Self Portrait, 1901 by Picasso
Picasso was only twenty years old at the time, but he appears considerably older in this portrait. His face is drawn and gaunt from the hardships of the Parisian winter. The livid pallor of the face, relieved only by the orange tint of the lips, the scraggy beard, and the high-collared greatcoat that enshrouds the body, all heighten the feeling of sadness and solitude that emanates from the canvas. The use of cool tones, especially the deep purple of the coat, and the light, almost "anaemic" brushwork overall - except in the face - are completely in keeping with the stark, ascetic image. The fluid contour of the greatcoat, which is treated in broad, vertical areas separated by a black line, recalls the influence of Gauguin. The psychological intensity expressed in the artist's sombre and almost hallucinatory gaze is reminiscent of self-portraits by Van Gogh. The shape of the coat and the layout of the composition were later repeated almost identically in the Celestina portrait.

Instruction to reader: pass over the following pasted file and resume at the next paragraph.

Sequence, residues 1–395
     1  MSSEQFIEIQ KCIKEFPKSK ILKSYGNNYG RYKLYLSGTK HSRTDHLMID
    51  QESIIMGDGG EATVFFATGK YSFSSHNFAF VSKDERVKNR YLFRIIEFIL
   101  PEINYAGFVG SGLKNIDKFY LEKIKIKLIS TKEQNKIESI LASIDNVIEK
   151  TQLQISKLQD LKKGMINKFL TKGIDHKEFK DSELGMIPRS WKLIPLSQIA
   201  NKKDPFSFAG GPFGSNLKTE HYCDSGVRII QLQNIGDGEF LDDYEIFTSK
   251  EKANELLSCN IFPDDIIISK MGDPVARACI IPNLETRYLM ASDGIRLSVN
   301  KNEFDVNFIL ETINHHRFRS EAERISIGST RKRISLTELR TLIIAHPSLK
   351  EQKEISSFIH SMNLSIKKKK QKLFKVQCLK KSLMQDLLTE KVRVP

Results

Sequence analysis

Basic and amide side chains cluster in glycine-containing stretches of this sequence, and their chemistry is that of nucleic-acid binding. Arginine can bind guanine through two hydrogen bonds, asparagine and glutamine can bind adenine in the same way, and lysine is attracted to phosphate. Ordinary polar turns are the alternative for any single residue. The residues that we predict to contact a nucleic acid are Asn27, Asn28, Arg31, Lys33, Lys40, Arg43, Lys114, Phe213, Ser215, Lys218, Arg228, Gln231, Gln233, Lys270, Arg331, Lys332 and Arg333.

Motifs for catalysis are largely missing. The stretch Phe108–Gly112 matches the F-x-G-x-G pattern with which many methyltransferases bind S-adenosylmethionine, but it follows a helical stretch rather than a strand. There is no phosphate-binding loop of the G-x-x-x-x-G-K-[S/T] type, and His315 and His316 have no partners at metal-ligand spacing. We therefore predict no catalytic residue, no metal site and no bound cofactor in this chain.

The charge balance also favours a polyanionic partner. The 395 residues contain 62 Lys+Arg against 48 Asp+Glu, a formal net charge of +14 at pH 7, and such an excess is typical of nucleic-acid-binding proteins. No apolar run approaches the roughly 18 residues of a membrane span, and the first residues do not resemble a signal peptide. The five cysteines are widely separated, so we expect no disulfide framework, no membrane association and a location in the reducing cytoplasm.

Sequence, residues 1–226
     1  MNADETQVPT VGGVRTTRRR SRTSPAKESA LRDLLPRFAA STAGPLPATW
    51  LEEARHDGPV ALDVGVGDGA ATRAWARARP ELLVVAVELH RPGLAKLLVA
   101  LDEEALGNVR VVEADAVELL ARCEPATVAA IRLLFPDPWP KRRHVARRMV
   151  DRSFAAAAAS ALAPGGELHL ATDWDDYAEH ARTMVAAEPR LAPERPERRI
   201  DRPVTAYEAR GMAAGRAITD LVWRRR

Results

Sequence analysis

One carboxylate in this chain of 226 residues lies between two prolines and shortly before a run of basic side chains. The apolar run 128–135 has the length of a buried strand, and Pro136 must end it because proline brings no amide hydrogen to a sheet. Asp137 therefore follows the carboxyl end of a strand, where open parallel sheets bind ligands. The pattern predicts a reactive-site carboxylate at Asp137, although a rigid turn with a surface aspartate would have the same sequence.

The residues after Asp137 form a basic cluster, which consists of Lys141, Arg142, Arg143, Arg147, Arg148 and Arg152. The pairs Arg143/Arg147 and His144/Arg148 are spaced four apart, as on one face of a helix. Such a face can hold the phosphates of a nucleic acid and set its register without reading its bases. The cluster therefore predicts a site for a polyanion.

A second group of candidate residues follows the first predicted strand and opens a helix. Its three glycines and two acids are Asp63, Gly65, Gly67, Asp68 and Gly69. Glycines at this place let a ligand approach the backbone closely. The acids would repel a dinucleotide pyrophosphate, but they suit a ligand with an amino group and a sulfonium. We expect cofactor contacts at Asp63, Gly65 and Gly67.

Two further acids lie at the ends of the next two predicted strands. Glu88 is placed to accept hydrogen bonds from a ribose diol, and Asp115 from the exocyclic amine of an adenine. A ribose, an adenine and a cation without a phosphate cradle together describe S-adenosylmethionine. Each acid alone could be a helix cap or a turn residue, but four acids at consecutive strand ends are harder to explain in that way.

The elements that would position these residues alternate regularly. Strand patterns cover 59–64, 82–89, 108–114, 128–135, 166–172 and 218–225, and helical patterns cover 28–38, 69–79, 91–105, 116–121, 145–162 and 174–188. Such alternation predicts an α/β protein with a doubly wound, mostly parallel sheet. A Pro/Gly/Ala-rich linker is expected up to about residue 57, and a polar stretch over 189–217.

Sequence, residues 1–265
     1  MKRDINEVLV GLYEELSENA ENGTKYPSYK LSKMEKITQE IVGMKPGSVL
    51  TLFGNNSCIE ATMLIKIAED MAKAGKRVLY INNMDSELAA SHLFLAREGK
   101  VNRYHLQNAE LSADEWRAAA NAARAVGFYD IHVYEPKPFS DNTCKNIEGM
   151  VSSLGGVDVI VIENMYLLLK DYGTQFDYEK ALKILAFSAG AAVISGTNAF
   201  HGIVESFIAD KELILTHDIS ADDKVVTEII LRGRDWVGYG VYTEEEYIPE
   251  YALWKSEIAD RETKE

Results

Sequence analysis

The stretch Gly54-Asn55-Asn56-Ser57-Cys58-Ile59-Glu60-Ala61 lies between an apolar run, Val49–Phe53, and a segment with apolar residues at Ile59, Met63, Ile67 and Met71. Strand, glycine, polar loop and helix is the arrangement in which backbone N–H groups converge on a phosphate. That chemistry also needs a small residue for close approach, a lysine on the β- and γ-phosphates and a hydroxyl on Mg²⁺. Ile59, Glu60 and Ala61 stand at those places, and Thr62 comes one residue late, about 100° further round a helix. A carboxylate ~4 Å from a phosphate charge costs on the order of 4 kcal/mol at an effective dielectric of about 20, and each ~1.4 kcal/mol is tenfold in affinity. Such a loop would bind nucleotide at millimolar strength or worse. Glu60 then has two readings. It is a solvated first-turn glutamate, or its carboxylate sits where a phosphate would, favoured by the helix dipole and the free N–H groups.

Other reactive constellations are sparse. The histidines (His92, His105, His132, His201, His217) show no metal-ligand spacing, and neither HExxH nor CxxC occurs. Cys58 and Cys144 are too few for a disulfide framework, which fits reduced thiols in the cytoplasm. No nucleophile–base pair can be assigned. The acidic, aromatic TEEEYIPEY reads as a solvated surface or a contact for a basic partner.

In this uncompromising vision of himself, Picasso makes no secret of the trials and tribulations that beset the young artist, but he does not fall prey to sentimentality. The Spaniard still has his pride.